Kate Miriam Granger
Granger in June 2015
|Born||31 October 1981|
|Died||23 July 2016 (aged 34)|
|Cause of death||Desmoplastic small-round-cell tumor|
|Alma mater||University of Edinburgh|
|Employer||Mid Yorkshire Hospitals NHS Trust|
Kate Miriam Granger geriatrician and campaigner for better patient care. In 2011 she was diagnosed with desmoplastic small-round-cell tumor (DSRCT), a type of sarcoma, and subsequently started the "#hellomynameis" campaign encouraging healthcare staff to introduce themselves to patients. Granger also raised over £250,000 for local cancer charity, the Yorkshire Cancer Centre Appeal (now Leeds Cancer Centre Charity).(31 October 1981 – 23 July 2016) was an English
Originally from Huddersfield, West Yorkshire, Granger studied at the University of Edinburgh, obtaining a BSc in Pharmacology in 2002 and an MBChB in 2005. After qualifying she returned to West Yorkshire to work, obtaining a position with the Mid Yorkshire Hospitals NHS Trust, at Pinderfields Hospital, Wakefield.
Granger first became ill when on holiday in California in July 2011 with her husband Chris Pointon. She was treated in the Emergency Room in Santa Cruz when her kidneys failed. She returned to Leeds and was given further tests. When told the diagnosis, she knew that DSRCT that had metastasized had "an utterly dismal prognosis". She was treated with P6 protocol chemotherapy and endured painful treatments which she described in detail in her blog "The Other Side and the Bright Side".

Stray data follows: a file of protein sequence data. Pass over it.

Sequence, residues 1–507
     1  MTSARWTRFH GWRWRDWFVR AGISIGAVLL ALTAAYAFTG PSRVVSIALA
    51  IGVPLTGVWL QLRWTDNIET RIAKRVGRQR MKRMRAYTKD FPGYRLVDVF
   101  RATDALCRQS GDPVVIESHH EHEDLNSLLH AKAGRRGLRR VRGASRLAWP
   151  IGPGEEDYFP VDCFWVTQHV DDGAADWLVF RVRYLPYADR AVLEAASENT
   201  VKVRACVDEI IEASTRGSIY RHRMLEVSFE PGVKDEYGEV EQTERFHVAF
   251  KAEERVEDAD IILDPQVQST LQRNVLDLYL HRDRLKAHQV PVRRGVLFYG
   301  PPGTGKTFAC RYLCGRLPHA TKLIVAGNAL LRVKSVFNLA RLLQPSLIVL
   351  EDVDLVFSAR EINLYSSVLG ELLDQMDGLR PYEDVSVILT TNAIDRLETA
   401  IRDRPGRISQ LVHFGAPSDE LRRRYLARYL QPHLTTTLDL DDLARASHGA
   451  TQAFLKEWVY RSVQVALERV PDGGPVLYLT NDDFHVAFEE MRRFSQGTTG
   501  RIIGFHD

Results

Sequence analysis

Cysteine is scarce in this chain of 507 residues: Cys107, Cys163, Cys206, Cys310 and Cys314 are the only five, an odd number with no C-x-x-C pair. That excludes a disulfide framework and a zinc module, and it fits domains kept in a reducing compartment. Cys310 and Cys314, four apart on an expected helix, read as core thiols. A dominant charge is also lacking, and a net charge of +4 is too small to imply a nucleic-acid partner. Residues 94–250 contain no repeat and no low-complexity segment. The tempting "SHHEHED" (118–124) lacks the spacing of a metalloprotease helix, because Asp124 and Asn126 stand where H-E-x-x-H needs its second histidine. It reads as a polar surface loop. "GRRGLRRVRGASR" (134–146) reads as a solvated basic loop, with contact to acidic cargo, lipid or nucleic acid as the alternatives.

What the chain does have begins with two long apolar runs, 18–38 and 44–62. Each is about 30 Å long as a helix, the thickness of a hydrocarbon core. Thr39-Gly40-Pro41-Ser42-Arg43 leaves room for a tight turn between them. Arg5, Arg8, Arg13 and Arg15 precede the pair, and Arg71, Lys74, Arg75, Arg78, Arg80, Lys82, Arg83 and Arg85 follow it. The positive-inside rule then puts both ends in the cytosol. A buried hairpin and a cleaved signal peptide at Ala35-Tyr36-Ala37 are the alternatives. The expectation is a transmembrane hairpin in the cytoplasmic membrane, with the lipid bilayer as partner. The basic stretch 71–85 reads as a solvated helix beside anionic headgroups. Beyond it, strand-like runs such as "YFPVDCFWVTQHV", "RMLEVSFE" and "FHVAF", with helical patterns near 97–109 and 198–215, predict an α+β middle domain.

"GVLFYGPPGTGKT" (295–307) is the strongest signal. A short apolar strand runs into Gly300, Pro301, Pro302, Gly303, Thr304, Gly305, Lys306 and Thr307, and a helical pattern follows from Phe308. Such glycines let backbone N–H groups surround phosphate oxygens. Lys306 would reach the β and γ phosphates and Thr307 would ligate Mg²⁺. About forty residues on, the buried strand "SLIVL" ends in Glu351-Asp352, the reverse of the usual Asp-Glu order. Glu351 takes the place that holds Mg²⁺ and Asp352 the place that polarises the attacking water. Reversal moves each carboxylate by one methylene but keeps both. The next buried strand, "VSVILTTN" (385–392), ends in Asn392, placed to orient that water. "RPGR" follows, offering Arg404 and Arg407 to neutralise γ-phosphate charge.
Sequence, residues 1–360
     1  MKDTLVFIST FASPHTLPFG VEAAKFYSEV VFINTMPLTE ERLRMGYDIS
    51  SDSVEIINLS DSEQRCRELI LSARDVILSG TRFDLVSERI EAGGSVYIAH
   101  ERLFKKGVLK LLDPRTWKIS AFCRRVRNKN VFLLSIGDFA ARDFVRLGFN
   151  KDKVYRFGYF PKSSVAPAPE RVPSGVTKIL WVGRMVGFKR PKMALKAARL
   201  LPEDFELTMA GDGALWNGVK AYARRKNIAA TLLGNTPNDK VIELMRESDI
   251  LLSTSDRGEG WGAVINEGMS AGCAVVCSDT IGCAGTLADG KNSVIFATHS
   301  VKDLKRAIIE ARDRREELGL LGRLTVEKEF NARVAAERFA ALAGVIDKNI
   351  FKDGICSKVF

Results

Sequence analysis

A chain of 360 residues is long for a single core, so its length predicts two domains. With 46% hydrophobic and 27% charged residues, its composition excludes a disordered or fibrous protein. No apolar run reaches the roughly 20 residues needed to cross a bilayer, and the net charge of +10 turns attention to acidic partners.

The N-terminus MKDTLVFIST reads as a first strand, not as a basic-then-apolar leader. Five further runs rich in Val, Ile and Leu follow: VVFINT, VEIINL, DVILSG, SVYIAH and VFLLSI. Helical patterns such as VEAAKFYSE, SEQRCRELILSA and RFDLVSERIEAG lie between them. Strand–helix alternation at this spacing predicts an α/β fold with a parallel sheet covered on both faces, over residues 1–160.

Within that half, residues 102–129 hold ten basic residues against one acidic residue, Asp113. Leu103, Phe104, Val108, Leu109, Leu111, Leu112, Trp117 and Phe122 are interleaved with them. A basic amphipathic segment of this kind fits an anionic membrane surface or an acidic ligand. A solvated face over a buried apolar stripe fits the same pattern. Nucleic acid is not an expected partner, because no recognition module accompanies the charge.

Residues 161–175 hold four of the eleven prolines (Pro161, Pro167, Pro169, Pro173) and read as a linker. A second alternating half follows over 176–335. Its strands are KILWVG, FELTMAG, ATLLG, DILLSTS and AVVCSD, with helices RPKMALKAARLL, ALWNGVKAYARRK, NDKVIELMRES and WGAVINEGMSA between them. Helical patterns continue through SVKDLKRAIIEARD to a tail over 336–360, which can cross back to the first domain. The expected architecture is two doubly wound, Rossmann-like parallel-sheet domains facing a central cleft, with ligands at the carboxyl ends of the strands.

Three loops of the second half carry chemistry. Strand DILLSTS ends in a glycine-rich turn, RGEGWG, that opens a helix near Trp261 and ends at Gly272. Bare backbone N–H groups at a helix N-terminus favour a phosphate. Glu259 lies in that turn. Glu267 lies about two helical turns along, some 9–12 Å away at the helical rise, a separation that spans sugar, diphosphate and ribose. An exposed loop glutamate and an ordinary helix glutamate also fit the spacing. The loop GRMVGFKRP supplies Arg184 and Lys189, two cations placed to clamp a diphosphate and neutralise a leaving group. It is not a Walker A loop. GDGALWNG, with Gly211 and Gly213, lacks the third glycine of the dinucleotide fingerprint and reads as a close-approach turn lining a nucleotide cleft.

She described how the news that her condition was incurable was broken to her:
If you can put yourself in my position – I'm 29 years old, I know I've got cancer, I think it's confined to my abdomen so I'm expecting to have an operation, maybe some chemotherapy and possibly a cure. I'm in a side room. I can hear everything that's going on outside. I'm in pain and alone. A junior doctor comes to see me to talk to me about the results of the MRI scan I'd had earlier in the week. I'd never met this doctor before. He came into my room, he sat down in the chair next to me and looked away from me. Without any warning or asking if I wanted anyone with me he just said, "Your cancer has spread". He then could not leave the room quick enough and I was left in deep psychological distress. I never saw him again. I am a little bit psychologically scarred by that experience.
Granger was the subject the second ever Dying Matters Annual Lecture 2014, with a filmed conversation with Granger.
After her diagnosis, Granger continued her medical training and qualified as a consultant geriatrician. During the latter stages of her illness, she was treated at St Gemma's Hospice, Leeds. She died on 23 July 2016, aged 34.
Granger started the #hellomynameis campaign in 2013, chiefly using Twitter, where by the time of her death, she had over 40,000 followers. The campaign name was the Twitter hashtag #hellomynameis, which has received more than 1.5 billion Twitter impressions. It was intended to encourage healthcare staff to introduce themselves to patients, following her experiences that she discussed in her book The Other Side.